Graduate Students Named 2018 Public Impact Fellows

Gurlin is developing a device for the treatment of Type 1 diabetes.Jan. 18, 2018 - Biomedical engineering graduate student Rachel Gurlin is one of four UC Irvine students named Public Impact Distinguished Fellows this year by the UCI Department of Graduate Studies. The Public Impact Distinguished Fellowships support doctoral or MFA students whose current research has the potential to significantly improve or enrich the local, national or global community.

Gurlin, who expects to receive her doctorate next year, earned her bachelor’s degree at UC Davis. She works in the lab of biomedical engineering professor Elliot Botvinick, where she uses tissue engineering and microfabrication techniques to develop a skin-integrated bioartificial pancreas device for the treatment of Type 1 diabetes.

Gurlin, who will receive a $12,000 Public Impact Fellowship stipend, also has compiled several other awards to support her research. The recipient of a T32 CARE (Cardiovascular Applied Research and Entrepreneurship) Fellowship, an ARCS Scholar Award, a Mazda Foundation Scholarship, and the 2015 Business Plan School of Medicine Award, she also serves as president of the Graduate Association of Biomedical Engineering Students.

After her sister was diagnosed with Type 1 diabetes at age 10, Gurlin made it her personal goal to engineer better treatments for diabetics. “This Public Impact Fellowship will certainly aid me in this goal, specifically to benefit people like my sister…. This fellowship is an honor to receive and I am grateful for the opportunity to share my research with others,” she said. “The Public Impact Fellowship reinforces my desire to continue my work and will ensure my success in bringing my technologies to patient hands.”

In addition to the four Distinguished Fellowships, the Department of Graduate Studies awards 10 Public Impact Fellowships, carrying a $1,000 stipend, each year. This year, Samueli School students won four of those awards.

Arghavan Arafati, a mechanical and aerospace engineering doctoral candidate, works with Arash Kheradvar, professor of biomedical engineering, to develop cardiac imaging and diagnostics tools that leverage artificial intelligence and big data. Specifically, she is developing a novel platform to automate the cardiac image analysis process in order to eliminate human error in diagnosing cardiovascular disease.Arafati seeks to automate cardiac imaging analysis.

“This fellowship serves as an inspiration and encouragement for me to follow my dreams of improving the lives of Americans and people all around the globe,” Arafati said.

Biomedical engineering doctoral candidate Michael Chu’s research interest is mobile health monitoring, specifically developing and applying wearable health systems for disease detection. His current work focuses on creating sensors to measure the respiratory health of asthmatic patients. His graduate adviser is biomedical engineering professor Michelle Khine.

Chu is interested in mobile health monitoring for asthmatic patients.“Asthma is the leading chronic illness in children. Within California, it is estimated that over 600,000 children have asthma,” Chu said. “My current research … will not only help reduce complications, but will also give parents peace of mind knowing that they can continuously and remotely monitor their children’s health.”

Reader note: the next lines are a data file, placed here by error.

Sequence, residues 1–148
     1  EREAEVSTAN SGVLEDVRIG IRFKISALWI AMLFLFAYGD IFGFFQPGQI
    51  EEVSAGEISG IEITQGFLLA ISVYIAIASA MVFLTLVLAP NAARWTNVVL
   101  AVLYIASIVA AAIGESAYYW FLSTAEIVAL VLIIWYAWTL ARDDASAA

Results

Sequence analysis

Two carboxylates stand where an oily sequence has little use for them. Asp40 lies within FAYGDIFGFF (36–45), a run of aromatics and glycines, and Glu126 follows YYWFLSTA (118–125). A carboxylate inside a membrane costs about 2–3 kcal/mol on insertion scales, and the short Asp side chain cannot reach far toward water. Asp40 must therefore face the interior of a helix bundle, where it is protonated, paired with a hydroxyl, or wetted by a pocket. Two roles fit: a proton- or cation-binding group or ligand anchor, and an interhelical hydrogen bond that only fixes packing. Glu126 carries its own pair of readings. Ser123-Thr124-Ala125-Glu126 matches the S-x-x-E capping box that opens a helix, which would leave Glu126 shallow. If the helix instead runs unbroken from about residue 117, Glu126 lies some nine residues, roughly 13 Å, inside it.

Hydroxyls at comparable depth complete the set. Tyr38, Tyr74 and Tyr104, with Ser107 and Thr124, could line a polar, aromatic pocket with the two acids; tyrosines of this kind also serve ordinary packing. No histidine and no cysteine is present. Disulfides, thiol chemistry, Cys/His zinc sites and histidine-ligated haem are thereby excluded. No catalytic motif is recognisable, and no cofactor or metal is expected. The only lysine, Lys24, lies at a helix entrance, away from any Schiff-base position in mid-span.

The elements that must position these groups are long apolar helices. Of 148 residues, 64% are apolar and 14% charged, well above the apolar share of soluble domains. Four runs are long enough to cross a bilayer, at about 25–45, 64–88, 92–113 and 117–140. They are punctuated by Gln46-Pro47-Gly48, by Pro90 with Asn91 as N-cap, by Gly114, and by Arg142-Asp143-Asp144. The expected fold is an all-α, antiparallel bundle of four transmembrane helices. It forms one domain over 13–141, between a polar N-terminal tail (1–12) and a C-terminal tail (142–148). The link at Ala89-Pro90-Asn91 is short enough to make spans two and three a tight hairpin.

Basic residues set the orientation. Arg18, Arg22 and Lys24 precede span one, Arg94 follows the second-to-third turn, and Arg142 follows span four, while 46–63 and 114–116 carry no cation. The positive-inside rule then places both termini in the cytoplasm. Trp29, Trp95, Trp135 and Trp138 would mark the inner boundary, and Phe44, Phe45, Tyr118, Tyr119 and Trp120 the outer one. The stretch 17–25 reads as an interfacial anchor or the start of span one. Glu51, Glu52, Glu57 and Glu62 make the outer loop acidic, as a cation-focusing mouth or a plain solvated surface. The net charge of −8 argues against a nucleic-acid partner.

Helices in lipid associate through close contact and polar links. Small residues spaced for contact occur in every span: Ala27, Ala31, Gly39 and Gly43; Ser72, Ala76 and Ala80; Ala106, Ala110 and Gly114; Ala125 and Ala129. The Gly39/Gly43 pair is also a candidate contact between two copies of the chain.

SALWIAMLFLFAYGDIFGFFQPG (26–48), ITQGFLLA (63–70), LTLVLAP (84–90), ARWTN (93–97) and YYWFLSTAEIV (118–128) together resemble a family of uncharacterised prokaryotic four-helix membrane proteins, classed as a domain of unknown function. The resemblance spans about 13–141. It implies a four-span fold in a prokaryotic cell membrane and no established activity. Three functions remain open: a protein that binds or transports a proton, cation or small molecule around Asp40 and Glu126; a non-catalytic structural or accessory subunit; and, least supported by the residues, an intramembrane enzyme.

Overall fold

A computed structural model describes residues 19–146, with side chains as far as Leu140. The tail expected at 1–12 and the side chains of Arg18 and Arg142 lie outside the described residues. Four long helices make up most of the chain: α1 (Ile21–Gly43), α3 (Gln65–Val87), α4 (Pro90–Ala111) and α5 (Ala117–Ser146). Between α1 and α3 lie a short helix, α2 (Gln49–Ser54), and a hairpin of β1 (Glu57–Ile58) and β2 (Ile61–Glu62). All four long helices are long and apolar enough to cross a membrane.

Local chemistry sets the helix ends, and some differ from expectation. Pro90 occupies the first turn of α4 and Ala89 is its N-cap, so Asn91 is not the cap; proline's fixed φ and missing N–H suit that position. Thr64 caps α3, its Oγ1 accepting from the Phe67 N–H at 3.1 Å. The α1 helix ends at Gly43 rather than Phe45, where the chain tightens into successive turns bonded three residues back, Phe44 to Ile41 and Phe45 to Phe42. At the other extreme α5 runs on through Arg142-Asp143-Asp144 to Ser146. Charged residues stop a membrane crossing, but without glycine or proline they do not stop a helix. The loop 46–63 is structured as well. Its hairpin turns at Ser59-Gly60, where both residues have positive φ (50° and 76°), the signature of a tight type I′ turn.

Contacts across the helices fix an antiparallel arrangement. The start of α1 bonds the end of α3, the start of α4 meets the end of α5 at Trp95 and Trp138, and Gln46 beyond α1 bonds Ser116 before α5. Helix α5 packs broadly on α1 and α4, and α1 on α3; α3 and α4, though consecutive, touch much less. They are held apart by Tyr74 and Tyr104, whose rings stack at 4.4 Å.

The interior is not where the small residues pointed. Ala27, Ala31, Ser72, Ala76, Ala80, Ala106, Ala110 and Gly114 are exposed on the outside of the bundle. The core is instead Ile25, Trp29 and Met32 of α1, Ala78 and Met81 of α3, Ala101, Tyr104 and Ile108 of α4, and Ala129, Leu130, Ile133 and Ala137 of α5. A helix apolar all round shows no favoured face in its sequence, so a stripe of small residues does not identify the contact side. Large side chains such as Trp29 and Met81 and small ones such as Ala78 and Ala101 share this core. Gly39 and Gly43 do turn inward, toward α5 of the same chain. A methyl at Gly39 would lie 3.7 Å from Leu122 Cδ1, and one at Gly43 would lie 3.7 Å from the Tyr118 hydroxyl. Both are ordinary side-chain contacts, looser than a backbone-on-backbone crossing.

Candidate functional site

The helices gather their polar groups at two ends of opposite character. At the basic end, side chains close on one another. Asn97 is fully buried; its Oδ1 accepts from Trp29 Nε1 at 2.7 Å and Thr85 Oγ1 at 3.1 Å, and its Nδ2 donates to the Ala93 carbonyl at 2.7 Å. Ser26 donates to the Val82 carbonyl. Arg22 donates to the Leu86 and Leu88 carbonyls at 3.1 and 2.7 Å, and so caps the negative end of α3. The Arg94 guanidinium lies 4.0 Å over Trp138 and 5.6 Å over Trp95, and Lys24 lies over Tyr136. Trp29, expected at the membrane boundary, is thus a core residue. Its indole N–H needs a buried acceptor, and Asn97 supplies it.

Lancy Lin, a biomedical engineering doctoral candidate who also works in Khine’s lab, is developing point-of-care (POC) and wearable health-monitoring methods to detect and manage congestive heart failure and other chronic or infectious conditions. Currently she researches low-cost platforms that can continuously monitor symptoms and severity of heart failure.

“I envision this monitoring system to be as simple as wearing a band-aid-like smart skin patch that passively monitors vital signs day-and-night and alerts the individual if they need to seek medical attention,” she said. “A more comprehensive and convenient monitoring motif will help high-risk individuals detect disease onset and current patients with more effective disease monitoring. The low-cost factor will facilitate accessibility and affordability across social-economic backgrounds. Ultimately, this research will improve mortality rates and help individuals retain their quality of life.”Lin is developing point-of-care, wearable health-monitoring methods.

Jie Zheng, another biomedical engineering doctoral candidate, works in the lab of neurology professor Jack Lin. Using intracranial electrode recordings, she studies the neural dynamics underlying emotional memory processing. She also attempts to improve memory and neuropsychiatric therapies using brain stimulation. She frequently presents her work at international neuroscience conferences and was named one of 10 Graduate Student Award winners at a recent Cognitive Neuroscience Society meeting.

Zheng studies the neural dynamics underlying emotional memory processing.“Approximately one in 20 California adults suffers from a serious mental disorder, with an even higher rate in children,” Zheng said. “Our findings highlight the potential of a circuit-specific and personalized neuropsychiatric therapy using brain stimulation approaches. This research, synergizing neuroscience and psychiatry, provides hope for improved mental health care.         

“Receiving this award motivates me to convey my work to an even broader public, and in doing so, hopefully inspires more people to study our mysterious brains.”     

-Anna Lynn Spitzer